Jack, from my 3 yrs of experience of Medhelp, the paid doctors here do not usually respond to secondary posts...just wish they did. Medhelp? are you there? Why do we pay for these posts, but never get any follow up?
Thank you for your kindness Liz. I don't think that anyone understands my question, and I don't know why.
Under general anesthesia, you are given, among other mixes of drugs, a drug that paralyzes you, so you don't move during surgery. You are also totally unconscious and cannot breathe without being on a breathing machine. I had a very bad experience with this type of anesthesia, as I mentioned above.
I suspect that my current gastrofellow is being overly cautious because I passed out due to low BP the last colonoscopy that I had. That was my second one. I had no problems and was totally asleep for both of them. Yet it was conscious sedation that put me to sleep, not general anesthesia.
I am going to call my doc and voice my concerns and if he doesn't agree with me, I will go back to my first gastrofellow :)
That is what I should have done to start with :)
Oh yeah, I have had 2 endoscopic analyses myself. One to find an ulcer and one to show that it was cured. On the first one I woke up during the first part of the procedure and it felt like they were trying to ram a Rubik's Cube down my throat! So, bless your heart for going through this without conscious sedation! It sounds like a nightmare for sure....
Hi there - well I still live and learn! Thanks for your information on "conscious sedation".
I have never been "awake" when having twilight sedation, but my sister had a colonoscopy a few years back and she said she was conscious and saw everything that happened. Perhaps my gastro gives me enough medication to "knock me out", which is what I prefer. I have just recently had a gastroscopy for oesophagitis, and looking at the Endoscopy report, it shows that the meds they used for this procedure were:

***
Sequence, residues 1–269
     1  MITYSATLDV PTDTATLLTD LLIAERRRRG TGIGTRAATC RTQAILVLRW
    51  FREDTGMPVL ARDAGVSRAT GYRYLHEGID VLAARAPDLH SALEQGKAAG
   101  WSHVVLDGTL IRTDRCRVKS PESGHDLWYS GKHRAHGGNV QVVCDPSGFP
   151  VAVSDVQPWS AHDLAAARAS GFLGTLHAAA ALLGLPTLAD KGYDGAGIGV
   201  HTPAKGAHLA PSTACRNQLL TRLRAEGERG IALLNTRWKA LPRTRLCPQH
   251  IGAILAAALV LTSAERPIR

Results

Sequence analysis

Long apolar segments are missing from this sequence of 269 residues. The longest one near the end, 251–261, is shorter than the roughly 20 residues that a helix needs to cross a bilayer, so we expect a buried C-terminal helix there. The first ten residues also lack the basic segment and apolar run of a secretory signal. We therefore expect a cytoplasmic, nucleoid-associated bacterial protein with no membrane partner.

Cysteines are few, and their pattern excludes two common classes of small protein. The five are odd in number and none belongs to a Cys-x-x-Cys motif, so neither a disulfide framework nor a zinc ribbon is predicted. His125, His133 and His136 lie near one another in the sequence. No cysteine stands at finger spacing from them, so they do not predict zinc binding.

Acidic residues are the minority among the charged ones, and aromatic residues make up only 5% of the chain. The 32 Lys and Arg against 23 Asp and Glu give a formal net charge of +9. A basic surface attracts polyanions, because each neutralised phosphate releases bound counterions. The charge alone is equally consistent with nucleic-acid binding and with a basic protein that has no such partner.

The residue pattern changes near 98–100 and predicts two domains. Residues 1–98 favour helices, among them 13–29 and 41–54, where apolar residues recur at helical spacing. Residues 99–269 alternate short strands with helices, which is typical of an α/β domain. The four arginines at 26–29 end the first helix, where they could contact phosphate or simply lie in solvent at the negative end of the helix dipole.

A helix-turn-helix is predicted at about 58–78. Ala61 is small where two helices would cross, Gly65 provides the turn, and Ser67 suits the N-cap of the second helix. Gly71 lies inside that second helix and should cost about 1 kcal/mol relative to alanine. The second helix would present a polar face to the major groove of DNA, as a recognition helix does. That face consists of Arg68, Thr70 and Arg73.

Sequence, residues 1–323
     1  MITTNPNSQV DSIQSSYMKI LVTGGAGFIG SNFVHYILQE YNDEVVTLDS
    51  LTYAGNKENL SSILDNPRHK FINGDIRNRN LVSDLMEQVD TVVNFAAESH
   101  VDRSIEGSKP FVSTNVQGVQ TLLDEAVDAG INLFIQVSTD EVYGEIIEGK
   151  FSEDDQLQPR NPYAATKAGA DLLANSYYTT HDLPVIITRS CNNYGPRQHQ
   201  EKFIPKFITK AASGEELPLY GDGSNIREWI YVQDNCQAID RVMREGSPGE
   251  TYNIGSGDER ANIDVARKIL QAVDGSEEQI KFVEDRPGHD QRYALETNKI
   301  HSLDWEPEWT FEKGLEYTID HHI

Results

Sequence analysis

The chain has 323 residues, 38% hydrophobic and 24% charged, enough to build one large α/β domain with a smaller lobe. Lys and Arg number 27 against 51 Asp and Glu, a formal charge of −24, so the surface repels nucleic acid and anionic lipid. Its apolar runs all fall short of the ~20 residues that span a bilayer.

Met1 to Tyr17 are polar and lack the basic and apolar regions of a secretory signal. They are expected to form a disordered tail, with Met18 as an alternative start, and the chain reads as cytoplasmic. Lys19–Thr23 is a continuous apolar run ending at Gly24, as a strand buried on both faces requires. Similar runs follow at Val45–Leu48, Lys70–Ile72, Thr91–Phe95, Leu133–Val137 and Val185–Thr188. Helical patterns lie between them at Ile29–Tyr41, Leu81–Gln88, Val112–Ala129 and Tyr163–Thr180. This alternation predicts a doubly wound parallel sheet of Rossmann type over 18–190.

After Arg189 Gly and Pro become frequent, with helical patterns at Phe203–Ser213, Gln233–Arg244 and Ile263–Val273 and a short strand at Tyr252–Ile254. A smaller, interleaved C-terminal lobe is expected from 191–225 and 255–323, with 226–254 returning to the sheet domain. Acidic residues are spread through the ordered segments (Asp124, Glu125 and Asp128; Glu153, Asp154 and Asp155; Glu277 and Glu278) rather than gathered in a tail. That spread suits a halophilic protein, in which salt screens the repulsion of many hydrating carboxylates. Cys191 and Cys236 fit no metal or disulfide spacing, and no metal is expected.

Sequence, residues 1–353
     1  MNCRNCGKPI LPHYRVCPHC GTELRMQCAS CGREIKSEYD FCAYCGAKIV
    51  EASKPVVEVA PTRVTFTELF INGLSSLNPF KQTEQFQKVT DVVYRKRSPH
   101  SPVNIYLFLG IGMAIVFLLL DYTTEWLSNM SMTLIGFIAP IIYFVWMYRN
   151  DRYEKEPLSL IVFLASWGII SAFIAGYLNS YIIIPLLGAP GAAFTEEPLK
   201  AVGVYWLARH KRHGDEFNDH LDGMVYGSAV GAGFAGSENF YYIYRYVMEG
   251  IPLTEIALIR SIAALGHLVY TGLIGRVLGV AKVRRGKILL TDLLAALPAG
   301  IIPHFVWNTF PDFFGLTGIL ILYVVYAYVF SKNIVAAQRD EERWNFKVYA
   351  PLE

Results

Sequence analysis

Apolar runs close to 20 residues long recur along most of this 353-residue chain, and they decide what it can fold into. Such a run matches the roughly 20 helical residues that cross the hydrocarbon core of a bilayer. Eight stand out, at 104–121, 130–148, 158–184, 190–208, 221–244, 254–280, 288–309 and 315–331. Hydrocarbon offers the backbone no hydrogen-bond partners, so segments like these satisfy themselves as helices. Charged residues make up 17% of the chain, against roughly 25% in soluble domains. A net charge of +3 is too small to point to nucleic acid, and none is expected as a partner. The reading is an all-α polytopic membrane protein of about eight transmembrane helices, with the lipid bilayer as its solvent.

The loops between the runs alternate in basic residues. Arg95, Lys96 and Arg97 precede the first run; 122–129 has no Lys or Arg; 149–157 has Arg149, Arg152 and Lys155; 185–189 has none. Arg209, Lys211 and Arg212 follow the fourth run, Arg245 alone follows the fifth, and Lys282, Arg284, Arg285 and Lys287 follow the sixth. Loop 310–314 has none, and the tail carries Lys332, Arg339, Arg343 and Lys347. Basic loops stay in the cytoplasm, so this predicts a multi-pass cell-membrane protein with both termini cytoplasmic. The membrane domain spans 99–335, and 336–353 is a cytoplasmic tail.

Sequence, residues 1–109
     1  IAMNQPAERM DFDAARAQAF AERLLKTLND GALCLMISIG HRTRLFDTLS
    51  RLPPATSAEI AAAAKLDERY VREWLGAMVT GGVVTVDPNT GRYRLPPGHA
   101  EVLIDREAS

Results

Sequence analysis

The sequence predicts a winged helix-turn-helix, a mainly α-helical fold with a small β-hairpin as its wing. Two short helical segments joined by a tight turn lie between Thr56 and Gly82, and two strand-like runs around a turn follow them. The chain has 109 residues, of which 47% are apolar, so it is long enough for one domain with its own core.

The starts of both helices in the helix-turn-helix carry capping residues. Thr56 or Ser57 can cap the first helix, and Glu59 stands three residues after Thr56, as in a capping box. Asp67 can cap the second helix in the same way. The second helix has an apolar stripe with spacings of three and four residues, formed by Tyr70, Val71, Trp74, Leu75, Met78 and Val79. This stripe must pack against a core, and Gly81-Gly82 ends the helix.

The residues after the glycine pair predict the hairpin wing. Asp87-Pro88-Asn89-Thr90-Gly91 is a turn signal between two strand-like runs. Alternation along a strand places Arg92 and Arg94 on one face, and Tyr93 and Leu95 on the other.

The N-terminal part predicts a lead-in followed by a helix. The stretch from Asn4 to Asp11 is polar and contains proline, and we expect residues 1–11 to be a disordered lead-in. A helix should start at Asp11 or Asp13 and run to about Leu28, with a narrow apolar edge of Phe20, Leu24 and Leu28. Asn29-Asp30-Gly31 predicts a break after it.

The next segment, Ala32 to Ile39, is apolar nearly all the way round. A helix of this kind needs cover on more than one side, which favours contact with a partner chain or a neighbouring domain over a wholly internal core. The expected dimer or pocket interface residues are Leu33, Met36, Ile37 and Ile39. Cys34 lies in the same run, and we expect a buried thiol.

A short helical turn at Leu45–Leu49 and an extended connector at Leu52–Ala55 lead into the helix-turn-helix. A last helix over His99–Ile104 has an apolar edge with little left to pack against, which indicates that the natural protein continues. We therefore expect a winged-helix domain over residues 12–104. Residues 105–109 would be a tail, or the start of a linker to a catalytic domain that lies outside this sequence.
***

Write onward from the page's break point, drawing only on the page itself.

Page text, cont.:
Fentanyl 50 mcg and Midazolam 2 mg. Duck soup....I came round gently in the recovery room.
Perhaps it would be a good idea to have a talk with an anesthesiologist well before your colonoscopy, to discuss your concerns. I have never had an anesthesiologist present for either endoscopies or colonoscopies, usually just my gastro and a specialised endoscopy nurse. This last endoscopy was actually done by a Registrar Physician, who was supervised by my Consultant Gastro. However, I live in England and our protocols may be very different to those in the USA. Interestingly, when I went for the endoscopy in July, I was given a form explaining conscious sedation, and no sedation, but could choose which I wanted. Seemed it had something to do with recovery time and needing someone to take you home, after sedation...I suspect it was really about resources, as the recovery room was absolutely full when I was there. But, there again, we do have socialised medicine and do not pay for any medical treatment, and now I am over 60 yrs, drugs are free too.
Good luck, and hope you find the answers to your concerns.